General Mills CEO: Ethanol Subsidies Must Go
It’s no secret that people in the food manufacturing and distribution businesses are against subsidies for the domestic ethanol industry. A RetailWire poll last month found 94 percent were strongly against subsidies, while only three percent were strongly in favor.
According to U.S. Department of Agriculture, 38 percent of domestic corn production is used for ethanol and that’s too much, according to Ken Powell, chief executive of General Mills.
Mr. Powell told the Financial Times, "We’re driving up food prices unnecessarily. If corn prices go up, wheat goes up. It’s all linked."
While many around the country and in the nation’s capital agree that large subsidy programs such as the one for ethanol no longer make sense in light of current economic realities, politicians, particularly Republicans, appear hamstrung by groups such as Americans for Tax Reform who see the end of subsidies as a form of tax increase.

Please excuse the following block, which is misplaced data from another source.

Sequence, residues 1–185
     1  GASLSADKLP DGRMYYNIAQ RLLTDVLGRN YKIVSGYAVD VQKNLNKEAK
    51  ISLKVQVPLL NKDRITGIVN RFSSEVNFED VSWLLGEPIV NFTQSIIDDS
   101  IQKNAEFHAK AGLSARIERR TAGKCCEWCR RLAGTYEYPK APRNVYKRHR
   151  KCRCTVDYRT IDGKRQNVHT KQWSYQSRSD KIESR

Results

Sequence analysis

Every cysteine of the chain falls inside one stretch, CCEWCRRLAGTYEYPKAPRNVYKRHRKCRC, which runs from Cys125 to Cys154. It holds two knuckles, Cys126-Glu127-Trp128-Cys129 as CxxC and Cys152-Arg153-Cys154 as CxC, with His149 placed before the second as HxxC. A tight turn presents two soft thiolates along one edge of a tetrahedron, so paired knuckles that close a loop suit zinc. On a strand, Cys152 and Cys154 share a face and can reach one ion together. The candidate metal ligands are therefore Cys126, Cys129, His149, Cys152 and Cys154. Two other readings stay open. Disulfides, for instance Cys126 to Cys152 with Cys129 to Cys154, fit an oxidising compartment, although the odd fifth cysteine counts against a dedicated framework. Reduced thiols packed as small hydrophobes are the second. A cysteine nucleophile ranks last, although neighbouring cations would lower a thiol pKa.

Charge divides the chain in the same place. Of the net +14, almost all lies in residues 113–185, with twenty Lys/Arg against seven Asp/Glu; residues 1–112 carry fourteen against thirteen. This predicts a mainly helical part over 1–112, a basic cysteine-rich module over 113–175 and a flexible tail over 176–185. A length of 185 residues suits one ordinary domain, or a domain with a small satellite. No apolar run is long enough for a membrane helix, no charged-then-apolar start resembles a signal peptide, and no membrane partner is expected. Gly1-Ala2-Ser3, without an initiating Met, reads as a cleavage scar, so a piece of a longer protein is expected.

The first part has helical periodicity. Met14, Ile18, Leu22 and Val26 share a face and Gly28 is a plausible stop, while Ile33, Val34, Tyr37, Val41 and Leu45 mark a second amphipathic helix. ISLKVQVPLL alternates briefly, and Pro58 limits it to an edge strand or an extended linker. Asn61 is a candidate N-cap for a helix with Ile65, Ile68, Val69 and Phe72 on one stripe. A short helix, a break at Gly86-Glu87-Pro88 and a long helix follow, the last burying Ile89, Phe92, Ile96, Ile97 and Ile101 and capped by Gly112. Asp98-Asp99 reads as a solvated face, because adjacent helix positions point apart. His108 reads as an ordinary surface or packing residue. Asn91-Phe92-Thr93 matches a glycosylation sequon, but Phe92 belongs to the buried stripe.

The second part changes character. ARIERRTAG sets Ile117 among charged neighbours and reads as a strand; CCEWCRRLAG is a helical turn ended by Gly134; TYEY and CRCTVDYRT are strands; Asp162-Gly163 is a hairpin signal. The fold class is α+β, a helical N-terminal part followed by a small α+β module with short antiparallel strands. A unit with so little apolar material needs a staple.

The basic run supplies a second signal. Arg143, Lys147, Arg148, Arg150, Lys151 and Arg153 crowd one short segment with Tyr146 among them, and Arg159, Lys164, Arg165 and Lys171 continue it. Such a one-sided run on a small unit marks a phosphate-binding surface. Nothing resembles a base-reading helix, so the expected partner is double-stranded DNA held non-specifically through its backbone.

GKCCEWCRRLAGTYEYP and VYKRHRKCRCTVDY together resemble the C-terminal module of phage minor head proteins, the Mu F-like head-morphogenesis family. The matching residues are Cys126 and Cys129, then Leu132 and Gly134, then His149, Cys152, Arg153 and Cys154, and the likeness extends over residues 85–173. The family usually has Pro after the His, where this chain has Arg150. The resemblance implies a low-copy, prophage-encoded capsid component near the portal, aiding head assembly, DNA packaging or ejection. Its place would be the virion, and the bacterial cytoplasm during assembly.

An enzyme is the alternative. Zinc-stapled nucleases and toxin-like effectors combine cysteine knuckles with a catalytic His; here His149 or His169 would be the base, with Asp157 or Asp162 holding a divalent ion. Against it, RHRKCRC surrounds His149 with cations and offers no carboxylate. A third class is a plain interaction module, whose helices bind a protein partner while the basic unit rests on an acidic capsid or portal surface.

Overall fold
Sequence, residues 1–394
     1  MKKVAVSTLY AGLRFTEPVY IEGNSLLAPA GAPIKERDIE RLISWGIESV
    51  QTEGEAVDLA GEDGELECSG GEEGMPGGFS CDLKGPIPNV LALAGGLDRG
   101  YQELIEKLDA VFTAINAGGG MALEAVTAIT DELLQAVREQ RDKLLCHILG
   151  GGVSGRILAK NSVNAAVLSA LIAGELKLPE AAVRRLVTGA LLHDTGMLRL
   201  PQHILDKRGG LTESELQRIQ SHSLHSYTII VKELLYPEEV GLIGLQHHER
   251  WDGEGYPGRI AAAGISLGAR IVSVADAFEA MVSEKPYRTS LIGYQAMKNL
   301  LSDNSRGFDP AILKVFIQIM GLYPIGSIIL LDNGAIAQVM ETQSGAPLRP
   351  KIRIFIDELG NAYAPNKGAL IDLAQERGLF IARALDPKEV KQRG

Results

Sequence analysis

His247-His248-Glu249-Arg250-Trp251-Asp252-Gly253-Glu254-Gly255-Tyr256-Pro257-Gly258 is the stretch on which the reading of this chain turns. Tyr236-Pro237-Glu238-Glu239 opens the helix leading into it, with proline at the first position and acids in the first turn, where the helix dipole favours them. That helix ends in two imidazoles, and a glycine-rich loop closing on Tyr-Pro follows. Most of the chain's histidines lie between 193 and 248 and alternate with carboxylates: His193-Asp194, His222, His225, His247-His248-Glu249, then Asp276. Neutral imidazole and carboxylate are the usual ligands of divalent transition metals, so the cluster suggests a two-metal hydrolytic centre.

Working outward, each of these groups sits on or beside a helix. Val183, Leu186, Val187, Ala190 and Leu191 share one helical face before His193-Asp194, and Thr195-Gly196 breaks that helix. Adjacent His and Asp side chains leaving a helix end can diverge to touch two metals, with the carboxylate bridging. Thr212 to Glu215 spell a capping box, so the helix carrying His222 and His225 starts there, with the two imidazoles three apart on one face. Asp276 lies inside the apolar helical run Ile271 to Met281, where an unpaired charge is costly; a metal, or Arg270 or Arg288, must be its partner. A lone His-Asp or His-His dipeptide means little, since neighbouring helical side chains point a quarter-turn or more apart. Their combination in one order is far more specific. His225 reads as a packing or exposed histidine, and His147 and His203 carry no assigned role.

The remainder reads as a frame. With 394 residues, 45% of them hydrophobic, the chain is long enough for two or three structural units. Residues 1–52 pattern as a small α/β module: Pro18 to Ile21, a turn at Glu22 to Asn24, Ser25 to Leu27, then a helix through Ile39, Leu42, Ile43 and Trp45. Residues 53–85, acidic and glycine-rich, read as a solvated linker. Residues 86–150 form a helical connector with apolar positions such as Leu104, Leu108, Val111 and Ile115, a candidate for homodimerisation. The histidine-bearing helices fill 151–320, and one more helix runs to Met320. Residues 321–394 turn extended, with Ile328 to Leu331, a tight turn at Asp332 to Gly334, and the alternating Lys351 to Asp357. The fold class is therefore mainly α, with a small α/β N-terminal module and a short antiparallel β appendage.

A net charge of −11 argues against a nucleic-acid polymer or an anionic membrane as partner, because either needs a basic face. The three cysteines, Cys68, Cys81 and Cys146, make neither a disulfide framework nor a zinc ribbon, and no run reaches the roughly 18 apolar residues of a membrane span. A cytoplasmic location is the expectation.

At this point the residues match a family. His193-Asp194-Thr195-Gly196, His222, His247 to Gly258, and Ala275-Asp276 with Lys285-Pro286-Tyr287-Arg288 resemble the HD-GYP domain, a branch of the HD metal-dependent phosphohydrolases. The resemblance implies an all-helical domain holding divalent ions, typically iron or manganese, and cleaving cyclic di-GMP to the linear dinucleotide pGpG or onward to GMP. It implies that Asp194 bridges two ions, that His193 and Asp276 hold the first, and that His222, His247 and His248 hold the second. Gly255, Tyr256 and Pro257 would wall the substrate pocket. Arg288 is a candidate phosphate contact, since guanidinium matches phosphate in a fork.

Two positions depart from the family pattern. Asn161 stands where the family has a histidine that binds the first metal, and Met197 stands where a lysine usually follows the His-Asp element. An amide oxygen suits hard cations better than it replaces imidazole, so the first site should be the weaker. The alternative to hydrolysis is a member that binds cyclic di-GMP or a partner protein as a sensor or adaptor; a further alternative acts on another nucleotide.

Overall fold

Americans for Tax Reform came out strongly against a budget proposal put forth by Sen. Tom Coburn (R – OK) that would eliminate ethanol subsidies to the tune of $6 billion unless Congress voted to end the Estate Tax (AKA Death Tax).
- Senate Votes to End Ethanol Credit – RetailWire
- General Mills hits out at ethanol subsidies – The Financial Times (reg. required)
- Coburn deficit plan offers $9 trillion in savings – The Washington Post
- Dr. Coburn Releases $9 Trillion Deficit Reduction Plan – U.S. Senate
- Coburn: "I Support Ethanol" – Americans for Tax Reform
- Coburn Amendment half-baked without DeMint Fix – Americans for Tax Reform
Discussion Questions: Do you agree that ethanol subsidies are no longer needed? How can the food manufacturing and distribution industries make this happen in light of current economic and political considerations?